Lavender – Beyond Air Freshener, Potpourri, and Cologne

by | Jun 14, 2013 | Articles, Recipes


So, we all know how wonderful lavender smells, right?  It may well be up there as one of the most popular potpourri and air freshener scents.  And what about cologne?  Right up there as well.

But, have you ever thought about using it in your culinary adventures?




Lavender Shortbread Cookies

[cooked-recipe id=”2119″]

You should get approximately 4 dozen cookies.

These shortbread are great enough to stand on their own, but how about pairing them with a dish of coconut ice cream, and some cherries soaked in kirsch?  What about pairing them with a cup of tea?…


Ah, a cup of tea, you ask?


Well, I like using loose-leaf teas.  In addition to reducing waste by not using tea bags, it enables you to buy a plethora of teas in much smaller quantities.

One of my favorite things to do is infuse either a really good Asam Gold Black Tea or Green Tea with spices/herbs.  Lavender is perfect for either of these teas.  For every cup of tea, I’d use approximately 1/4-1/2 teaspoon of lightly mortared dried lavender flower buds along with your desired amount of loose leaf teas.  Of course, if you use tea bags, you could do so, just put the lavender in a tea ball or tea pot, then strain.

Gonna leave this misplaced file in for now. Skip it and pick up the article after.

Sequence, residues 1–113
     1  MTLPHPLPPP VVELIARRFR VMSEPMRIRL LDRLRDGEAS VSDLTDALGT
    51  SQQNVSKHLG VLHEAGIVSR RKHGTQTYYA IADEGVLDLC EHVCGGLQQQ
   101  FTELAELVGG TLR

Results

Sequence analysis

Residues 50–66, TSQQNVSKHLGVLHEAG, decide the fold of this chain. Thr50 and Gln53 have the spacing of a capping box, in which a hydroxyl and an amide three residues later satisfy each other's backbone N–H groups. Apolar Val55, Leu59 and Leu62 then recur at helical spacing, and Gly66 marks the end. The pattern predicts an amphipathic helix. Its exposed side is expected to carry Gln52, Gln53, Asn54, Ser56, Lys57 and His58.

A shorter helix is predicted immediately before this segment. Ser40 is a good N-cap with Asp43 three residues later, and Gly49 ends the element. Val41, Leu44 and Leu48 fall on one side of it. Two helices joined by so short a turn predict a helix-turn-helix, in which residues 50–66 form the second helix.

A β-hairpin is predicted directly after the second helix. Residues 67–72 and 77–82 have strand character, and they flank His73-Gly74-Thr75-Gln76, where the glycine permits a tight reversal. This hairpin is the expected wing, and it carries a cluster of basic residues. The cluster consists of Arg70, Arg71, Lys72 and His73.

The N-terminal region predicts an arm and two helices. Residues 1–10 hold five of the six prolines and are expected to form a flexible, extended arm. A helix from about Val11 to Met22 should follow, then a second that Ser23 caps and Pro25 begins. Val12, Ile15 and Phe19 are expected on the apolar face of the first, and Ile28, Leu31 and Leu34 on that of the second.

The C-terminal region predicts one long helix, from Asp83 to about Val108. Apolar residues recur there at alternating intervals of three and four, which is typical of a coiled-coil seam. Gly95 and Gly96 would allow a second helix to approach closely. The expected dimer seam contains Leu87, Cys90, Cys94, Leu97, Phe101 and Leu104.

Have you ever thought about using it for a compound butter?

Well, first of all, you might be asking, “What Is A Compound Butter?”  It’s really simple, as soon as you mix anything into ‘butter’, it becomes a compound ‘butter’.  For example, add some garlic and sherry or white wine, you have a compound butter.  Add chives, sea salt, black pepper, paprika, you have a compound butter.  Add mortared lavender and a dash of sweetener, you have a compound butter.  Now, you can use Earth Balance or coconut oil for a wonderful and delicious foundation for your compound butter.  The sky is the limit.

Try adding some lightly mortared lavender to your ‘butter’.  Become imaginative.  Add in some lightly toasted pine nuts.  Maybe add a touch of agave or coconut sugar for sweetness and to perk up the lavender.  Keep this one simple.  You don’t want the lavender competing with other strong(er) flavors.   You can use this as a spread on toast or a bagel.  Or put a small dollop on your lightly grilled vegetables, such as asparagus.  Or adorn your pan roasted tofu or tempeh.

Do you see what I mean?  Just give it a thought, and I’m sure you will come up with boundless possibilities.